Adaptive playback depends on cloud transcoding to automatically create multiple “renditions,” or quality levels, for each video file. Again, you can automate this process with cloud transcoding to save time and effort.
3. Cloud Video Transcoding Better Allocates Resources
It’s possible to transcode all of your videos on computers in your offices or facilities. However, this method can incur unwanted costs. Another major benefit of cloud transcoding is avoiding the expenses associated with transcoding in-house.
According to Streaming Media, cloud transcoding reduces costs due to “purchasing and renewing hardware/software. It also eliminates the operating expenditures associated with running such a platform—not just ongoing support, but electricity, floor space, and human technician support.”
There’s another factor at play that amplifies these savings: that’s the issue of peak load. With an in-house transcoding system, you should expect to meet maximum processing requirements at peak times. For example, you may try to transcode 4K, HDR, HFR digital video files. Anyone who has done this before knows it challenges even the most powerful hardware.
Now, what happens when you have to transcode six videos at the same time? Or a dozen? Two dozen? What happens when you have to do all of this on a tight deadline?
The point is, in serious environments, you may need to scale your transcoding capacity rapidly to meet peak demands. This is challenging when each expansion requires sourcing and buying new equipment, setting up streaming software, connecting it to the network, etc.
Cloud transcoding, in contrast, uses massive data centers and is scalable to any possible peak load. This allows you to keep costs reasonable, even if your peak processing requirements are quite high.
How to Set Up Cloud Transcoding
With that context in mind, let’s cover how to set up cloud transcoding.
First, it is possible to set up third-party contracts with outside encoding software vendors. However, there’s also a much easier approach. You can simply use an online video platform with cloud transcoding support, such as Dacast. These professional streaming platforms make it easy to upload your videos, transcode them, and deliver them all with the same platform.
To make cloud transcoding easy, Dacast offers a special feature called “ingest recipes.” This tool allows you to create presets for common transcoding settings. Even better, you can configure these settings to match the camera(s) that you use most often. Then, you can apply these transcoding settings to any video upload with a single click.
As a result, broadcasters can quickly and easily create multiple renditions of the same video with a single click.
How to Transcode Video on Dacast
Dacast makes transcoding very easy. It’s as simple as configuring a few settings and initiating the process.
Here’s how it works:
- Upload files to Dacast
- Determine which videos must be transcoded in the “Video on Demand” section of your Dacast portal
- Choose a video and go to the “Multi-bitrate” settings tab
- Indicate the bitrates for the renditions that you’d like to create
Please note that Dacast’s cloud transcoding tools do not encode live video feeds. This requires the support of an external RTMP encoder, but do not fret. There are free tools for this, like OBS Studio.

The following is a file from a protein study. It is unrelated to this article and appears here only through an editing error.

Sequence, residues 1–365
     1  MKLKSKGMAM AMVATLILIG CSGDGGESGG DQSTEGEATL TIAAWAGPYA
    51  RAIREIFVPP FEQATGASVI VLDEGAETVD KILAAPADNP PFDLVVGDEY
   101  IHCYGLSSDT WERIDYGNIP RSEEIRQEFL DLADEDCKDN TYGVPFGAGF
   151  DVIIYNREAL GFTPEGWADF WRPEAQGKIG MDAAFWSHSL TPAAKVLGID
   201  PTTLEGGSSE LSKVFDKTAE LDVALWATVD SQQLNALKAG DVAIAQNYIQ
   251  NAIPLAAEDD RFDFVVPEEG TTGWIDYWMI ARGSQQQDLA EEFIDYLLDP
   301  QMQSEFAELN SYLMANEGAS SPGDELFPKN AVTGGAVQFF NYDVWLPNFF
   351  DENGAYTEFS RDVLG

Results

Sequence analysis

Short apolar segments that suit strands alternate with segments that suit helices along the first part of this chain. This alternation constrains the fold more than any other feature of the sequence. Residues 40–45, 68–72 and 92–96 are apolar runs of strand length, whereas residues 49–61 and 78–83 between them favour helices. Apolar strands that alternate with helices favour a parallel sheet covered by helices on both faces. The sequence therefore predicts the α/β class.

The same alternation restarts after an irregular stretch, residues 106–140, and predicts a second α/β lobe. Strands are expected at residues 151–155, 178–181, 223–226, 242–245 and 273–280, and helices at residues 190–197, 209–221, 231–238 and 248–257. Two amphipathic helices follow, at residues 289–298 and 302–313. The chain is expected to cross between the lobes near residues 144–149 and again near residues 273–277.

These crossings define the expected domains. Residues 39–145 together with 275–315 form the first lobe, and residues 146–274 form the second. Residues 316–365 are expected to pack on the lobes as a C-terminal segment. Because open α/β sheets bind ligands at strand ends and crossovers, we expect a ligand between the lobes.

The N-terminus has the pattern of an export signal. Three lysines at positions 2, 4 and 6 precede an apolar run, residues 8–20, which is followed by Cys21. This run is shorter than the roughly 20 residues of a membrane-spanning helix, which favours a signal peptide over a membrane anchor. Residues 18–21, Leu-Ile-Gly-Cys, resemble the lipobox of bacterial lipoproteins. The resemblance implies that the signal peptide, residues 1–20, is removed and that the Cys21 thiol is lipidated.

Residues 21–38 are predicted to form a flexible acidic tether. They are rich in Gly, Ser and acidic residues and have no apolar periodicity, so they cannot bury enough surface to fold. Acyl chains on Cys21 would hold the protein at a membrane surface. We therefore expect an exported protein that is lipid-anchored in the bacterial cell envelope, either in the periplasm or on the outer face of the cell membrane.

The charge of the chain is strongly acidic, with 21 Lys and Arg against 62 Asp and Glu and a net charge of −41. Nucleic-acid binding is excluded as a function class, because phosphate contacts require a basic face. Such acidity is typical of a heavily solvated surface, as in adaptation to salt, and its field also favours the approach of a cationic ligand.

Dacast also includes a variety of other features that are useful for businesses. These features include monetization tools, analytics, API access for customization, SDKs for development work, and more.
Encoding on Dacast: Required Settings
Dacast requires specific encoder setting configurations to ensure that the platform works properly and produces the highest quality of content.
Here are a few settings that we require broadcasters to use when streaming with our video platform.
Required Live Encoder Settings
The following settings are required for live streaming with Dacast, regardless of your selected resolution and video bitrate:
|VIDEO CODEC||H.264 (x264 may work)|
|FRAME RATE||25 or 30|
|KEYFRAME INTERVAL||2 secs (or 2x frame rate)|
|RATE CONTROL||Constant (CBR)|
|AUDIO BITRATE||128 kbps|
|AUDIO CHANNELS||2 (Stereo)|
|AUDIO SAMPLE RATE||48 kHz (48,000 Hz)|
Resolution & Bitrate Settings
Here are the different video resolution and bitrate setting combinations for streaming in different qualities. You can choose from ultra-low definition, low definition, standard definition, high definition, and full high definition.
|Name||Ultra-Low Definition||Low Definition||Standard Definition||High Definition||Full High Definition|
|Video Bitrate (kbps)||350||350 – 800||800 – 1200||1200 – 1900||1900 – 4500|
|Resolution Width (px)||426||640||854||1280||1920|
|Resolution Height (px)||240||360||480||720||1080|
For more information on Dacast’s preferred and required encoder settings, please check out our dedicated Knowledgebase article.
Cloud transcoding paired with adaptive bitrate streaming is the recipe for success for broadcasters who prioritize their viewers’ experience.
In this article, we’ve covered everything you need to know about cloud live video transcoding. As we mentioned, cloud transcoding is an important topic for broadcasters to understand and implement. In particular, transcoding can help boost your viewership and keep viewers happy by reducing buffering and improving the quality of the experience.
If you’re in the market for a video platform, feel free to contact our support team directly to discuss your specific needs. We’re here to help and can walk you through any technical questions you may have.
We also invite you to test out our professional features with a 30-day free trial of Dacast. All you have to do to get started is sign up today. No credit card is required.
Thanks for reading, and let us know your questions and feedback in the comment section below. We love to hear from our readers, and we’ll get back to you as soon as we can.
Stay up to date with our latest features and product releases